Across the Transom: May 2023

Matrix Mixers, Probabilistic Content, Lucinda Williams

Gahlord Dewald :: 05/31/23 :: New York City


Soviet synth repair, a thread.


A spreadsheet for planning patch bays.


The Sounds Editorial collection of sound effects is available on


The singer’s stature had grown so much by 2006 that the eminent jazz guitarist Bill Frisell was nervous the first time she invited him onstage. Then, as Frisell started to play, he noticed Williams subtly shift her singing to follow his lead. “I felt completely free,” he recalls of that moment. “There wasn’t an expectation that I was supposed to fill some role. She wanted me there for my personality and my sound, so I felt safe, and I wasn’t afraid.”

Bronwen Dickey's "The Epic Return of Lucinda Williams," Garden & Gun


Level A is the technical level. In answer tot he question: How well are the symbols of transmission being communicated and received? – which we were concerned with quite a lot. So, doing a technical fix to improve the inadequacies in order to achieve better communication.

Level B is semantic, which is characterized by the question How well is the message getting across? This is the content level and includes aesthetic considerations.

Level C is where is joins up with the social aspects. To answer the question: How well are the objectives being achieved in the external world? Or, if you like, in terms of social change: What is the effectiveness of the product (or the activity) we've made in achieving the external objectives?

Sue Hall in "The Metasoftware of Video" Studio International.


if i do something, i write about it here, or update my main portfolio site, and then share either the portfolio site or the corresponding blogpost on fedi and discord. that’s it, the entire workflow. i’m not caught in a numbers trap, or desperately crossposting across multiple different platforms that i could never meaningfully engage with without that just becoming my full time job. on the other hand, there are far fewer opportunities for someone to just happen upon my work. and if reach is something i decide to care about, this is quite clearly a negative.

Honor Ash in "Platforms and Reach" on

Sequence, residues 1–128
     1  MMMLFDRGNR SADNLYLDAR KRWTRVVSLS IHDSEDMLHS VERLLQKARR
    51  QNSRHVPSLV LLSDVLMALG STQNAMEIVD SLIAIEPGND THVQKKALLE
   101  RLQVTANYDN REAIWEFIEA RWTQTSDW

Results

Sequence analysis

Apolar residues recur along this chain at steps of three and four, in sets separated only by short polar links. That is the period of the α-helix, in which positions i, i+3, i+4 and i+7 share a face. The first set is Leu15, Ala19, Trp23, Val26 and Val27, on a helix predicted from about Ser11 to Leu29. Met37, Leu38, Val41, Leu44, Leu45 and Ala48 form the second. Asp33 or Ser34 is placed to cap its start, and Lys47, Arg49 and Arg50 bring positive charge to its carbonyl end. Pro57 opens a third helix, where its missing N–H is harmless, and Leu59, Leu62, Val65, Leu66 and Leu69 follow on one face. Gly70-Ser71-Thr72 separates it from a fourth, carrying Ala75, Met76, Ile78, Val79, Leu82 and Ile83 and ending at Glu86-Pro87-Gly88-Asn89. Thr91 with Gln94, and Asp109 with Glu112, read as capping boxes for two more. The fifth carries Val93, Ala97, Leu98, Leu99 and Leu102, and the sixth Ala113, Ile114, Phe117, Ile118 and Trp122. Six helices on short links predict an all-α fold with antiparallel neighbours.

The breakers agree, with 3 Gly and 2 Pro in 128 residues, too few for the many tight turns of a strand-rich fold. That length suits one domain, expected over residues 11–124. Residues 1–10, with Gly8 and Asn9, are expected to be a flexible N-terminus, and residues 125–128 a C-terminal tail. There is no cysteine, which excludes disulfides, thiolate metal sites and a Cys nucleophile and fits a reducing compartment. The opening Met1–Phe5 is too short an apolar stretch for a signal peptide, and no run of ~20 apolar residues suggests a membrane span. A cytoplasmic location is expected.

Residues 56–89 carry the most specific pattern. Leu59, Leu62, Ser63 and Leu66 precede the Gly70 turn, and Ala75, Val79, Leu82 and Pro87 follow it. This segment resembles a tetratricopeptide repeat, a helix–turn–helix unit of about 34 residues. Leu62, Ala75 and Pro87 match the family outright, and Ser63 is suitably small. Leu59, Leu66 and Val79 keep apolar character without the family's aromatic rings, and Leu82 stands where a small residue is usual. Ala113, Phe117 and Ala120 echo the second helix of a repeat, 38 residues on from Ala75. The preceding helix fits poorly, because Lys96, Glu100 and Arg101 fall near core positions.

They shift the focus from photographic indexicality to stochastic discrimination. They no longer refer to facticity, let alone truth, but to probability.

Hito Steyerl in "Mean Images," New Left Review


We have all the ideas we need.


Matrix mixers for control voltage and audio, video.


Re: "influence"

This notion of influence harkens back to its early etymological drift as an astrological term, “streaming ethereal power from the stars acting upon character or destiny of men,” from Old French influence “emanation from the stars that acts upon one’s character and destiny” (13c.), also “a flow of water,” from Medieval Latin influentia “a flowing in” (also used in the astrological sense), from Latin influentem (nominative influens), present participle of influere “to flow into,” from in- “into, in, on, upon” + fluere “to flow” . This notion of an inflowing from elsewhere that doesn’t so much as change reality, as it does the thoughts and minds of its human inhabitants, carries them beyond their shared illusions into that realm of Imagination from which we begin to see into things.

S.C. Hickman in "Jorge-Luis Borges: Tlon and the Hronir; and, The Immortal," The Dark Fantastic: Literature, Philosophy, and Digital Arts


Released Pacific Sketchbook, a new place for me to put things I'm working on that feel more "Pacific" in concept or material.


Testing line connections on the home studio, discovering a favorite cassette deck needs repair.


Cooked into everything digital and online this present day is the fact that speed and efficiency win out over authenticity and reality. We go from thinking we’d like to hear a piece of music to hearing it (or never hearing it, as we can’t find it), in brisk flashes, a few clicks and a momentary pause. But listen to a track of music written decades ago, and a mass of assumptions by the creators of how you would experience these works no longer apply.

Jason Scott's "The Easy Roll and Slow Burn of Cassette-Based Software," The Internet Archive.